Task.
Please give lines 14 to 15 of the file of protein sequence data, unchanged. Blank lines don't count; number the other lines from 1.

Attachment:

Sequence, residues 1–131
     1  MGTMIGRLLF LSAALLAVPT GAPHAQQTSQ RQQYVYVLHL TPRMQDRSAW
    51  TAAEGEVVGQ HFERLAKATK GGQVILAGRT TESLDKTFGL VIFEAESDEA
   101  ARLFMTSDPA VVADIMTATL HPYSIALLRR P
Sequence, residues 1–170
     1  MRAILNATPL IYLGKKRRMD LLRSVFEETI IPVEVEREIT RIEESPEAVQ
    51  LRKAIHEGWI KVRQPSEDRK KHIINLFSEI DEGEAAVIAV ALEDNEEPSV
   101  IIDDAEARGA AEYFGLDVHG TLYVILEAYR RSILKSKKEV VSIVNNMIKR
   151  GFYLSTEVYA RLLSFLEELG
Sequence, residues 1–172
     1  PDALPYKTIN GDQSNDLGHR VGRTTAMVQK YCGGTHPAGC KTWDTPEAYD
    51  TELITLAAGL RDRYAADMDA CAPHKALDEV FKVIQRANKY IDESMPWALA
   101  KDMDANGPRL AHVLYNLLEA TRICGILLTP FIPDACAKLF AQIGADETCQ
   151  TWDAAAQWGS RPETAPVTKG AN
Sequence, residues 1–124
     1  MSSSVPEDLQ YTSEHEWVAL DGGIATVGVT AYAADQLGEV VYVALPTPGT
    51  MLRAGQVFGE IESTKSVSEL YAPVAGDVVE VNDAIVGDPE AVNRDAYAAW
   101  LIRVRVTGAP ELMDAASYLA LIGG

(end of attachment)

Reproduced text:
   151  TWDAAAQWGS RPETAPVTKG AN
Sequence, residues 1–124